The interesting thing about our time is that however radical the message in your art, if you do your criticism through self-expression, you’re actually feeding the very power structure you’re trying to overthrow. The power structure you’re criticizing also believes in self-expression as the ultimate goal.
Capitalism is about self-expression; art is about self-expression. Art is far from being a radical outside movement. It’s at the heart of the modern conformity. That’s why nothing ever changes, because the radicals have gone to a form of expression at the very center of the power structure they disapprove of. So they’re neutered.
The idea of individual self-expression—whilst feeling limitless because the ideology of our age is individualism—looked at from another perspective is limiting because all you have is your own desires. There are other things that could free you from that. It’s a different kind of freedom.
A myth that tries to explain the things you don’t understand and gives you a sense of consolation beyond your own existence. I think that’s really good. We’re missing that. Take a mythical force like religion and talk about things like power that normal, boring, limited, rational technocratic journalism can’t. It dramatizes them beautifully.
Melodrama is the next thing. The heightened sense of things as a way of jumping out of this failed rational technocratic cage that we’re in where finance says you’ve got to do this, or austerity says you have to do that. It’s so limited. It’s so dull.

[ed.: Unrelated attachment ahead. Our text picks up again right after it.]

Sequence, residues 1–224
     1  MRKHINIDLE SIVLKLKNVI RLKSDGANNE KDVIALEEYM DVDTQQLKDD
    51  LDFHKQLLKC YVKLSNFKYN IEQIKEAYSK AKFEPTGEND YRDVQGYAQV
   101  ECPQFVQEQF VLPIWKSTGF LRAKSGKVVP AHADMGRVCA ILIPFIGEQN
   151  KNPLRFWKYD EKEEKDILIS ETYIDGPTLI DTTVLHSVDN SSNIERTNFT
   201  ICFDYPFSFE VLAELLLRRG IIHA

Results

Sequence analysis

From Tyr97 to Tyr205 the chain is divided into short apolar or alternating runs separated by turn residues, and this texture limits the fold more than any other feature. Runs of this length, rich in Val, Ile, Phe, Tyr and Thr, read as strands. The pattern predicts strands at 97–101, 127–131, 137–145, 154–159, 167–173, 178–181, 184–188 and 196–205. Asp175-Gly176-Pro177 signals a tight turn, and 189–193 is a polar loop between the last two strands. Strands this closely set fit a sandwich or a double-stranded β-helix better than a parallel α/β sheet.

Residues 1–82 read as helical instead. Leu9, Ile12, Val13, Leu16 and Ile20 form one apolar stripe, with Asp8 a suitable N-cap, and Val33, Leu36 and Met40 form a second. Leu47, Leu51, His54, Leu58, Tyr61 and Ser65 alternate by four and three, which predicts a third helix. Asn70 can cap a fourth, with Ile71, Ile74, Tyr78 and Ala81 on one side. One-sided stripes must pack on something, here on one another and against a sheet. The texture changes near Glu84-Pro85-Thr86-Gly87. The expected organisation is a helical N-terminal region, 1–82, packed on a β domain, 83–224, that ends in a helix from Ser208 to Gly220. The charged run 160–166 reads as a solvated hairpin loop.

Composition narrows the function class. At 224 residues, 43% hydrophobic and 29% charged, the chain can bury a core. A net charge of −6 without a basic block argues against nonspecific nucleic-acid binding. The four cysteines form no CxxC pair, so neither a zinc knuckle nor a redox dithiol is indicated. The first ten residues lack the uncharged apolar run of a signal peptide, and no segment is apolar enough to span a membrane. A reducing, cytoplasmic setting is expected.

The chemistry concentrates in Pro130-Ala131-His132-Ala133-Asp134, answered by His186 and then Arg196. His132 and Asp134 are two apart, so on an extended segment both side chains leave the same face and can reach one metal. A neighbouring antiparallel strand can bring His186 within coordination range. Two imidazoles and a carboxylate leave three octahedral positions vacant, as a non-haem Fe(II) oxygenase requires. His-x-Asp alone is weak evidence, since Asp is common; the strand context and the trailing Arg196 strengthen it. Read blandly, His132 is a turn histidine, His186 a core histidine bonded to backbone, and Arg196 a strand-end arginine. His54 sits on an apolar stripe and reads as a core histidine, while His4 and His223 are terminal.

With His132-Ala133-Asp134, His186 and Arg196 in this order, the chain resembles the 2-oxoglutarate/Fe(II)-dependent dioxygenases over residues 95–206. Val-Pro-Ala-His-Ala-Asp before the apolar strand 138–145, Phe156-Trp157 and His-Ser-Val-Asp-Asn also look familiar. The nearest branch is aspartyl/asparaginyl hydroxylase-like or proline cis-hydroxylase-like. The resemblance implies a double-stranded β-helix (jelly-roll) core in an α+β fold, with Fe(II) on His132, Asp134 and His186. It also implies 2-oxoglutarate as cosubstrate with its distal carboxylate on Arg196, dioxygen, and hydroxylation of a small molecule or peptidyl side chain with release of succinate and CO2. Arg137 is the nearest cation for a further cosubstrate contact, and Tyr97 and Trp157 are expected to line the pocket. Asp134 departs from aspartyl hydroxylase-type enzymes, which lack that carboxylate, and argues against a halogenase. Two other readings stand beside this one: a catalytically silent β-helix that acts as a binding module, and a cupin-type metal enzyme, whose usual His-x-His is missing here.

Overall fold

The trick has to be that it allows you still to feel you are an independent individual. The hyperindividualism of our age is not going to be going back into the bottle. You’ve got to square the circle. You’ve got to let people still feel they’re independent individuals, yet they are giving themselves up to something that is awesome, greater, and more powerful that carries them into the future beyond their own existence. That’s what people are yearning for.
“I blame what’s happened in art on how expensive it became to be an artist,” he said. “When I came to New York in ’67, a 2,500-square-foot studio was $85.” Without access to such large private studios, he said, many young artists have developed alternate ways of working, like drawing plans for an installation or a sculpture they hope to make but not actually producing the work until it has been selected for a show.
“It’s post-studio art!” he said. “Sculptors who never see the work before the exhibition. It’s designed on the back of a cocktail napkin at 35,000 feet, and then they build it for the first time in Germany.” For an artist who learns to work this way, he added, a studio can become unnecessary, even when one is available. “I’ve been involved for many years with the American Academy in Rome, the most beautiful studios that anybody will ever be offered, and depending who’s on the jury, some years there won’t be a single person who makes anything,” he said. “They sit in these beautiful studios, they put the work on the wall that they used to get the grant and then they just talk. For a year. It’s criminal. You can talk in any room!